By Renae Merle
Washington Post Staff Writer
Wednesday, October 1, 2008
After a historic sell-off Monday, investors appeared wary but hopeful yesterday that lawmakers will eventually agree to a bailout package for the financial sector, sending stocks surging.
The Dow Jones industrial average gained 485.21, or 4.7 percent, to close at 10,850.66 and restore most of Monday's record 778-point loss. The broader Standard & Poor's 500-stock index and technology-heavy Nasdaq composite index also closed up about 5 percent. The S&P 500 gained 58.35, to 1164.74, and the Nasdaq rose 98.60, to 2082.33. Both indexes lost about 9 percent Monday.
On any other day, the rebound would be considered a massive rally, but it was still not enough to offset Monday's slide, which wiped out $1.2 trillion in paper wealth.
The House voted down the bailout package Monday, sending stocks careening, and is not expected to take it up again until after Rosh Hashanah, which ends at sunset today. That has left many investors in limbo.
The rates banks charge to lend to each other jumped yesterday. A key rate for overnight loans spiked more than four percentage points, to 6.9 percent, its highest level ever.
"I won't be confident in the stock market until we see some sustained improvement in the credit markets," said Michael T. Darda, chief economist at the trading and research firm MKM Partners. "Until they turn, I would be very wary about embracing any stock market rally."
Investors have regained confidence that the legislation will eventually pass, which unleashed bargain hunters yesterday, analysts said.
"A lot of it's related to the idea that a majority of people expect that we will get a rescue package bill, in a belated form, in the coming week," said Alan Ruskin, chief international strategist at RBS Greenwich Capital.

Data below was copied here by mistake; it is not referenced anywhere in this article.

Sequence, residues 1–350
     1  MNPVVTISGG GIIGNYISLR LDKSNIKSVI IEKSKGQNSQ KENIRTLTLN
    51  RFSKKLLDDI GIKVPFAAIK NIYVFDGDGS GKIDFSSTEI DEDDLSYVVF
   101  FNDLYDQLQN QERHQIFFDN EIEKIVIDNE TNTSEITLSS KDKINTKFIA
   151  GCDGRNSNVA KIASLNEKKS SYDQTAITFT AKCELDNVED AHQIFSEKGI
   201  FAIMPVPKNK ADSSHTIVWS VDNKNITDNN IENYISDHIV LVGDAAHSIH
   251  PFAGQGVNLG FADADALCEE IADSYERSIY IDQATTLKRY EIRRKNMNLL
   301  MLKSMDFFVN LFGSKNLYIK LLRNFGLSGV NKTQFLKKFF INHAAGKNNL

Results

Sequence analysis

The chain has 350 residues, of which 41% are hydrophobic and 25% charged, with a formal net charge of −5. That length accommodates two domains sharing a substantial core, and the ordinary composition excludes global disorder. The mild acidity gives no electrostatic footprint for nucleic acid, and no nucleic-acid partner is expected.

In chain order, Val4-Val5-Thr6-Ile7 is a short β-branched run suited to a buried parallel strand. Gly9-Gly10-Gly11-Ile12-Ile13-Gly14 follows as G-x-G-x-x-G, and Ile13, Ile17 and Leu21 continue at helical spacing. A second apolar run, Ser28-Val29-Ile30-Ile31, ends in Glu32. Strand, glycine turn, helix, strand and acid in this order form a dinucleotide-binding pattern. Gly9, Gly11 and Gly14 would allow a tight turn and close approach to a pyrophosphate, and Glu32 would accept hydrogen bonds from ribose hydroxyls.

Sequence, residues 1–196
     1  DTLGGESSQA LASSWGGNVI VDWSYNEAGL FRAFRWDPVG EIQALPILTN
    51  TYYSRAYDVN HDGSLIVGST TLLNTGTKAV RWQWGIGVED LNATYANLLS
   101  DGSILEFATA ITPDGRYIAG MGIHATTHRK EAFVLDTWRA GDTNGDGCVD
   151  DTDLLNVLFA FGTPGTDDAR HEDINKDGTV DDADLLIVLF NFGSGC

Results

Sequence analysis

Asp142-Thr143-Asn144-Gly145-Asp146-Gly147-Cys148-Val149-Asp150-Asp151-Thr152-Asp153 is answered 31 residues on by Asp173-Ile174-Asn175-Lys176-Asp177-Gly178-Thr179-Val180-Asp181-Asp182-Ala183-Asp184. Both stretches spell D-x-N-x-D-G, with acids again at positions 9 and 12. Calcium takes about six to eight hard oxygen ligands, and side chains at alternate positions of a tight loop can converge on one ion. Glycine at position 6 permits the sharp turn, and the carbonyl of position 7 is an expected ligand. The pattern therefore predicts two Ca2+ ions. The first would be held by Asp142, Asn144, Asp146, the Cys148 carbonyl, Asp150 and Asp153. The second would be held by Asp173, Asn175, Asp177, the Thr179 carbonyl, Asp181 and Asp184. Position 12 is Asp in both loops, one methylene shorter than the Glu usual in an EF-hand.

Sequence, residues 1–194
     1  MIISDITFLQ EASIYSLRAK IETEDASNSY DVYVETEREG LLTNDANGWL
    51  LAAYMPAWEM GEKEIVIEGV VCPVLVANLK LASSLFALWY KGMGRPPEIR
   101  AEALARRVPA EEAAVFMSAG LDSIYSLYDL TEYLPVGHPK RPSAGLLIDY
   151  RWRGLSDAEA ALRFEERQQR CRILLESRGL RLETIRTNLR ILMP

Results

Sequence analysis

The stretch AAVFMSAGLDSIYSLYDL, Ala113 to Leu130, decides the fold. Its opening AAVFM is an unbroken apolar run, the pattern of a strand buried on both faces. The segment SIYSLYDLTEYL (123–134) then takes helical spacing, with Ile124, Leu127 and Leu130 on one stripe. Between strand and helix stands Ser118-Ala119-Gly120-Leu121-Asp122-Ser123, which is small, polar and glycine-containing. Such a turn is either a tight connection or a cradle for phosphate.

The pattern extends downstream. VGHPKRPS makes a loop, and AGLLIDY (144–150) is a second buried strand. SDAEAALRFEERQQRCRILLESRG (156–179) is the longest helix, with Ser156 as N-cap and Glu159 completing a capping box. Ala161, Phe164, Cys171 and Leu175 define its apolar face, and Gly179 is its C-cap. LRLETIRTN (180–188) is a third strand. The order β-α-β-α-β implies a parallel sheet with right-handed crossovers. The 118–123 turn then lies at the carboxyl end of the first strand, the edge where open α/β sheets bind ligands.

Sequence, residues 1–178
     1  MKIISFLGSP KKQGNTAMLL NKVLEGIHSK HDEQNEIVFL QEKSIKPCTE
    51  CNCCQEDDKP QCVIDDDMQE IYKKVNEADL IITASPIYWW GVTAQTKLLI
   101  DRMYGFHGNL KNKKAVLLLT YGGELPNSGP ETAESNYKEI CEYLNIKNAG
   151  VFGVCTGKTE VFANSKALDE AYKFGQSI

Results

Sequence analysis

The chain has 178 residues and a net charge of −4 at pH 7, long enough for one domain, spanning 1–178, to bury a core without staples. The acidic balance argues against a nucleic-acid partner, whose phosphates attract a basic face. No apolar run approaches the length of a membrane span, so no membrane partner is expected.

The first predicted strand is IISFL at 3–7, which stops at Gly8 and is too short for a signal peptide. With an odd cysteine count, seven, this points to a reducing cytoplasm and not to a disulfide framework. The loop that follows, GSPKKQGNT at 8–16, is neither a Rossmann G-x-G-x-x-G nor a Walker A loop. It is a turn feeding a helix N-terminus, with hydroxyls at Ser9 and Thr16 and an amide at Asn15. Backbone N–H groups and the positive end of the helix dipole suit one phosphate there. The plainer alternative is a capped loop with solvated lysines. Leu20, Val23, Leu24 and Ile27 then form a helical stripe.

Aiming to inject more confidence into the banking sector, the Federal Deposit Insurance Corporation also announced late yesterday it will ask Congress to temporarily lift its $100,000 cap on insured deposits. The news helped boost stocks, including some financial firms, during the last hour of trading. National City closed up 29 percent, while Goldman Sachs gained 6 percent. After replacing its chief executive yesterday, Sovereign Bancorp surged 108 percent before closing with a 70 percent gain.
After falling $10 a barrel on Monday, light, sweet crude oil rose $4.27 yesterday to settle at $100.64 a barrel. Gold, often a safe haven during a turbulent market, fell $14 an ounce, or 1.6 percent, settling at $874.20.
"The market has sent a message to Congress that [Monday] is just the beginning if something isn't done," said Peter Cardillo, chief market economist with Avalon Partners. "I don't think it's going to take much longer. I think Congress has gotten the message."
The expectation that the bailout would eventually pass also helped strengthen the dollar, which was up more than 2 percent against the euro yesterday -- its largest ever such increase -- and nearly 2 percent against the yen. Demand for the dollar is also up because banks are hoarding their cash, an analyst said. Meanwhile, the euro has been hit by the recent troubles in its financial sector.
"Europe is still engaged in damage control" related to its faltering banking sector, said Marc Chandler, global head of currency strategy at Brown Brothers Harriman. "The U.S. is moving towards a solution, even if democracy is messier. We are ahead of the game in addressing" the market's problems.
Yesterday was the final day of trading for the third quarter. Since the end of June, the S&P 500 has fallen 8.8 percent, its fourth straight quarterly decline. Meanwhile, the drumbeat of negative economic news continued.
The housing market, which spurred many of the economy's current problems, continues to be weak, according to the Standard & Poor's/Case-Shiller home-price index released yesterday. Home prices in July fell at a record rate, according to the data. In 20 major housing markets, prices fell 16.3 percent in July compared with a year ago and 0.9 percent compared with June.
In the Washington area, prices fell 15.8 percent in July compared with last year. The most challenging markets continue to see drastic declines: Prices fell 30 percent year over year in Las Vegas and 29 percent in Phoenix.
"House prices are still tumbling downhill, but the hill's slope is leveling," Patrick Newport, U.S. economist for Global Insight, said in a research report.
But U.S. consumer confidence grew this month, according to the Conference Board. The survey includes data collected until Sept. 23, so it probably was bolstered by falling gas prices while not fully reflecting the financial crisis that has unfolded in the past two weeks, analysts said. Consumers are still cutting back on spending and face higher unemployment rates, they said.